Lay the 1st row down with the good side facing up then lay the second row on top of the 1st row with bad side facing up. Sew a double seam.
Step 4: Sewing Hem & Tie Straps
You will need to put a hem around the 2 completed sections of your tarp to prevent unraveling. You will make your folds for your hem as you sew by folding twice so the cut edge is hidden. The clips are handy keeping the folds in place while you sew.
When hem is done on both sections place it on the kennel bad facing out. use marker to mark where you want tie straps to be. You will not only put tie straps on the outer edges but the interior as well, these will allow you to pull your tarp tight by tying to the chain link fence. Sew the interior tie straps where the double seam are.
To make the tie straps cut 44" strip 3" wide.
Fold the strip in half and press to make a crease.
Fold both edges in till they meet center crease then press.
Fold in half and sew in place.
Place the strip at the edge of the tarp's edge and extend it out then fold it to the width you want. Then sew it on putting sewing machine forward and reverse several times. Then cut the remaining strip off. Repeat this step till have the amount of tie straps you want.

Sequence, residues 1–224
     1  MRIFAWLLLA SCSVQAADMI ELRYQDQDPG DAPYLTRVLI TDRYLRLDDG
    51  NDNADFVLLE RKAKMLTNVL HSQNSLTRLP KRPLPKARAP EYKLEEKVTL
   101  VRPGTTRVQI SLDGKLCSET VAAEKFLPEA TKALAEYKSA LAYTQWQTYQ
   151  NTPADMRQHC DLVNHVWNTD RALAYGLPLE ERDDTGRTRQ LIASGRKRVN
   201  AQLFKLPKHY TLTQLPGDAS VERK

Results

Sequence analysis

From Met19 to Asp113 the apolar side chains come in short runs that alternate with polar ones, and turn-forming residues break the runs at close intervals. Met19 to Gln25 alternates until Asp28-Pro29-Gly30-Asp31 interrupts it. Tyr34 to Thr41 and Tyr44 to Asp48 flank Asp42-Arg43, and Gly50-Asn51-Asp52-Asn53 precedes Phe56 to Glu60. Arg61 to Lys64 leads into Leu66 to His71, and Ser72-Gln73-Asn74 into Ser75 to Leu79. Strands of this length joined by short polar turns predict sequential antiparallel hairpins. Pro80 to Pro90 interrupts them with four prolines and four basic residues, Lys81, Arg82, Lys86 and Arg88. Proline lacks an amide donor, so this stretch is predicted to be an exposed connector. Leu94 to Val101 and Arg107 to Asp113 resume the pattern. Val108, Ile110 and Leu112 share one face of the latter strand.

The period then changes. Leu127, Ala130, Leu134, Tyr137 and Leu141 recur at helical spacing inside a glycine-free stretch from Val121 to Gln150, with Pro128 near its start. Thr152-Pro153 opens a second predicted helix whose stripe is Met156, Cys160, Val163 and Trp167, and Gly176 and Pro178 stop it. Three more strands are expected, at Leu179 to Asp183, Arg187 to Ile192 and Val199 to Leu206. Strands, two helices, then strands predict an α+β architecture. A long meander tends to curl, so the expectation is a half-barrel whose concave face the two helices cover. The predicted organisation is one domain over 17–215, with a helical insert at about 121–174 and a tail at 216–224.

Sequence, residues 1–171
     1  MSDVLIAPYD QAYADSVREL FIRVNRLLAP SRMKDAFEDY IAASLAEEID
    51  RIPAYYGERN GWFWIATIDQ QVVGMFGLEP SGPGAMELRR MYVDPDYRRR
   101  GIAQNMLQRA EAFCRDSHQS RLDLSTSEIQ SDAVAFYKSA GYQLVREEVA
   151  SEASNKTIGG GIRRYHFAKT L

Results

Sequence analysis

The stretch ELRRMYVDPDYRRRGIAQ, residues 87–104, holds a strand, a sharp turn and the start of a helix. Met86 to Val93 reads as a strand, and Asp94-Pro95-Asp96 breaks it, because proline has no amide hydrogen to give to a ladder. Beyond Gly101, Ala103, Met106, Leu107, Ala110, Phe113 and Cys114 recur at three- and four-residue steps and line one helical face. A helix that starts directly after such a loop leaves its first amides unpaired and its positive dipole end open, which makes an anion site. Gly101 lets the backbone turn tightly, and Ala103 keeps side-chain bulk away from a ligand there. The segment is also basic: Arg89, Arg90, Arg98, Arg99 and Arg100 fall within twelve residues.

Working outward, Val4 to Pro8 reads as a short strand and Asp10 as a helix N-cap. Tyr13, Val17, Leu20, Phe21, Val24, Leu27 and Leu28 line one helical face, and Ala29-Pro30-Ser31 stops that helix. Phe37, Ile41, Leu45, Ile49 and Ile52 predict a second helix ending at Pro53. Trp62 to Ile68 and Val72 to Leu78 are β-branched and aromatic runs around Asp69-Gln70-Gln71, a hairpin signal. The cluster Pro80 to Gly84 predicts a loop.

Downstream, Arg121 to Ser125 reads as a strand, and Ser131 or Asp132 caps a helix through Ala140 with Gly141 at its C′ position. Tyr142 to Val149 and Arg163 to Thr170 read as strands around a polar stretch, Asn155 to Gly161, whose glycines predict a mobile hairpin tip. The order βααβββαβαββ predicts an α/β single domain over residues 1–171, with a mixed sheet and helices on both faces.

Step 5: Sewing Sections Together
Before sewing the 2 sections together make sure all the tie down straps are sewed where you want them to be. There should be at least 5 tie straps on both ends of the top as shown in photo. If you don't use marker to mark the spot to sew.
Set first section in place on kennel with good side facing up. Then place the end section on top of kennel with bad side facing up. Place clamp as shown in photo. Sew the 2 sections together, the seam should not continue down the side stop at the clamp. You should also use a marker to mark the spot in case the clamp falls off.
Step 6: Attaching Cover to Kennel
I choose foam pipe insulators on the top to make a smooth surface for the cover to rest on, I attached it using plastic zip ties. This will keep the chain link fence from poking holes in the tarp. You could use other materials to make a smooth surface such as old rags and if you still have feed sacks use them.
Next I attached a 2x4 across the top of kennel to be used for attaching the cover to. Drill 4 holes at each end then use plastic zip ties to attach 2x4 to kennel.
Place your cover over the kennel. Fold the end back to where it is resting on top. Your tie down straps should be visible, Here is the 1st place to start Attaching the cover to the kennel. I used rope to be able to untie and tighten the cover when needed. You can use buggy cords or zip ties as well. The 2nd place will be going to the opposite end and attach the cover to the 2x4. Pull the cover tight. Continue stretching cover and attaching the rest of the tie down straps to the fence.
The end sections I used buggy cords see photo. I used a pole to role the sides up, a plastic clamp to keep it in place.
Hope this project has helped you out with your pets. It has been up for 3 months now and still holding up good. Now that the cool weather has hit she has let both sides down. Would be surprised the amount a warmth it holds when the sun is out. Buddy is a Happy Camper in his new home.
Runner Up in the
Be Prepared Contest